One of the most painful things a physician can hear from family members of a hospitalized, critically ill patient is, “Gosh, we never talked about anything like this!” It is not uncommon that patients, their families and professional care providers have not discussed goals of care regarding end-of-life until a crisis point occurs, typically when patients can no longer speak for themselves.
These conversations tend to be delayed because of our natural aversion to talking about the very real fact that we will die. Thinking about mortality can be anxiety-provoking for many people but if we open the door to accepting that death, as life, is a natural process, we maximize the possibility that end-of-life experiences will match our values, preferences and goals. Our country is culturally averse to talking about end-of-life issues, yet we are the first generation that is empowered to actually do something about it. But the conversations need to happen well before a crisis so that they become a normal part of living.
April 16 is National Healthcare Decisions Day (NHDD), founded in 2008 by Nathan Kottkamp, a Virginia-based lawyer who dedicates his time and experience to public health issues. NHDD educates both the public and healthcare providers about the importance of advance care planning (ACP) and encourages facilities to respect those wishes, whatever they may be.
Kottkamp chose April 16, the day after Tax Day, as NHDD because, as Ben Franklin said, two things in life are certain — death and taxes.
Contrary to popular belief, ACP is not only for the elderly and the ill. Every adult 18-years and up should have a plan because accidents or illnesses can happen at any age. Kottkamp was just 20 years old when he completed his advance directive (AD). He was motivated to complete his AD because of three famous cases regarding healthcare decision-making involving women in their 20s: Karen Ann Quinlan, Nancy Cruzan and Terri Schiavo.
In my experience caring for critically ill patients, I believe a life well-lived deserves the best ending possible, which doesn't always mean using new technologies or advanced medical interventions, but it should include one simple thing: having the conversation. It might be the most important conversation you ever have. Revisit your decision time-to-time as you will likely change your mind and goals over time.
While a completed, written document is desired, the key step is appointing a durable power of attorney (POA) for healthcare, sometimes called a healthcare proxy, surrogate or agent. That person (the agent) is given the responsibility to make decisions for an individual should they be unable to do so themselves. The agent must know the principal's wishes, values and goals. The agent must also be strong, unflappable and able to honor the patient's wishes whether they agree with those wishes or not. The agent does not need to be a person's spouse or another family member. The agent can be a trusted friend.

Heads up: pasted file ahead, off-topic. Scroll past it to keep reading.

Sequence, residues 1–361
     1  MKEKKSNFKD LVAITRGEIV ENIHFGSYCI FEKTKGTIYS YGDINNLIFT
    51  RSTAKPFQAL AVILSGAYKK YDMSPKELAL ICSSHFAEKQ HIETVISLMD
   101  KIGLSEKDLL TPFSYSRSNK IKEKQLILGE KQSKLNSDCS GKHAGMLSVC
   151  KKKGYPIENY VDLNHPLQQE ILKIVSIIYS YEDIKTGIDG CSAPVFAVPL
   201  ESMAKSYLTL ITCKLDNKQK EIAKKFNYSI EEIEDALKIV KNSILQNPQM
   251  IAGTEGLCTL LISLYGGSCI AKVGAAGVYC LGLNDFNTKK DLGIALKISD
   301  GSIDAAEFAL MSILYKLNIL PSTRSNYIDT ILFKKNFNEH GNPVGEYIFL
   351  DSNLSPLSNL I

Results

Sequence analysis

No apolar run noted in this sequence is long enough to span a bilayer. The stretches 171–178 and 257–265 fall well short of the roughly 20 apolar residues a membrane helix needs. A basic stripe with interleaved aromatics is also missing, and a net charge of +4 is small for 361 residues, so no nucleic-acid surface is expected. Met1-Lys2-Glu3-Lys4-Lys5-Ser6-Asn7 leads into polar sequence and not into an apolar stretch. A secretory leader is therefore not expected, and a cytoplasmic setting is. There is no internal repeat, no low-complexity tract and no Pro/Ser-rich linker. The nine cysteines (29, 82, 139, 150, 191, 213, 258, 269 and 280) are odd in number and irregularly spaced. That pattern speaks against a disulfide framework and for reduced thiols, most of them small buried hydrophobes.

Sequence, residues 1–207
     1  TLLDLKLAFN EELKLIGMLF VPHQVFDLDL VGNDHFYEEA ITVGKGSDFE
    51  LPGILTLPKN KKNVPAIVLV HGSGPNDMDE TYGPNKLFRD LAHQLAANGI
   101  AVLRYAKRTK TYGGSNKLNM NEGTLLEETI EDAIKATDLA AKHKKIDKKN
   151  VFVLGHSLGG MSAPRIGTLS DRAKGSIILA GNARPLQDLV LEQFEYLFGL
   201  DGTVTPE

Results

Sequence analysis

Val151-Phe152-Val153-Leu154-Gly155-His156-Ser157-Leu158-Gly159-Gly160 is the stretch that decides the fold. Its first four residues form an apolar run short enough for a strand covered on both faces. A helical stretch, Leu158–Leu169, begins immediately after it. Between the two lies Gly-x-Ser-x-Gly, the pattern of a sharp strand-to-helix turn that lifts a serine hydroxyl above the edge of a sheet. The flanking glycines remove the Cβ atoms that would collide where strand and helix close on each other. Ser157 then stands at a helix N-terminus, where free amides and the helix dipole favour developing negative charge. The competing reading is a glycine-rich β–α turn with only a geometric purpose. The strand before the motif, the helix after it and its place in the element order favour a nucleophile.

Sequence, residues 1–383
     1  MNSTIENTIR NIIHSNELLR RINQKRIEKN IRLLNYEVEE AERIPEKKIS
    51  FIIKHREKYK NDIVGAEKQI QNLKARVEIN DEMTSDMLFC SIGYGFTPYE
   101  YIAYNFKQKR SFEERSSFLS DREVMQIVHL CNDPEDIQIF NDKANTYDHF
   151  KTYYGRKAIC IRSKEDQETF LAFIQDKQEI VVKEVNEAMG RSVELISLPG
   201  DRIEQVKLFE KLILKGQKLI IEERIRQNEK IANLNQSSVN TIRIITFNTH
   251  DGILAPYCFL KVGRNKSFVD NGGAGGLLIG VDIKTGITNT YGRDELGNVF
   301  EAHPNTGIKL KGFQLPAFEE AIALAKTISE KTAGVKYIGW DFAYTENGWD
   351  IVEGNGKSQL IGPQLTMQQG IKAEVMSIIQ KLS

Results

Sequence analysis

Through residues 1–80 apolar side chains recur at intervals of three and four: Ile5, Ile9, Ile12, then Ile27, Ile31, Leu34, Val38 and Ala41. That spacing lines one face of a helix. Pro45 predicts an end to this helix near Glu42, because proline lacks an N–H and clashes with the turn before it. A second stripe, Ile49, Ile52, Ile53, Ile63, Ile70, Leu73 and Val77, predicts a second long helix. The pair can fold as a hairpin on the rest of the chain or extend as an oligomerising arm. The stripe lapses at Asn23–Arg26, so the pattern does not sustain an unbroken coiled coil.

Naming a POA for healthcare does not take any rights away from the individual, because the POA is only activated if a person can't speak for themselves. At that point, the healthcare agent acts for them in terms of ordering procedures or indicating if certain procedures should not be given.
The COVID-19 pandemic has shown that the future can change in a second. It has highlighted the importance of having plans in place to navigate the unknown. Kottkamp said, “The hope is the pandemic will wake people up that health is unpredictable and that every adult should have an ACP, even if it is just to identify an appropriate decision-maker. It is hard to know (yet) what people have done in response to the pandemic. I can, however, report that I've been involved on the legal side of a few Covid-related situations in which no ACP had been prepared before Covid had hit, but still, no ACP before a patient went on a ventilator. That is a system failure on multiple levels.”
We can help mitigate these system failures by talking to our loved ones and our healthcare providers as a shared responsibility — addressing our understanding of our illness, our fears or worries for the future, our priorities and goals, what outcomes are unacceptable, what sacrifices we are willing to accept — and contemplating, what does a good day look like.
There are tools available that can help patients and families: the Prepare for Your Care program; materials from the Conversation Project, Respecting Choices and Caring Conversations; videos about health care decisions at ACP Decisions and Realities of Advanced Medical Interventions.
Also, two excellent books are “Preparing for A Better End” and “The ICU Guide for Families.”
As a community, we are ahead of some parts of the country on Advance Care Planning. Please use NHDD as the catalyst to keep moving the needle — let's “have the conversation."
Dr. Lombard, now retired, practiced as a nephrologist in Whatcom County for nearly 40 years. He is past medical director for the Mount Baker Kidney Center.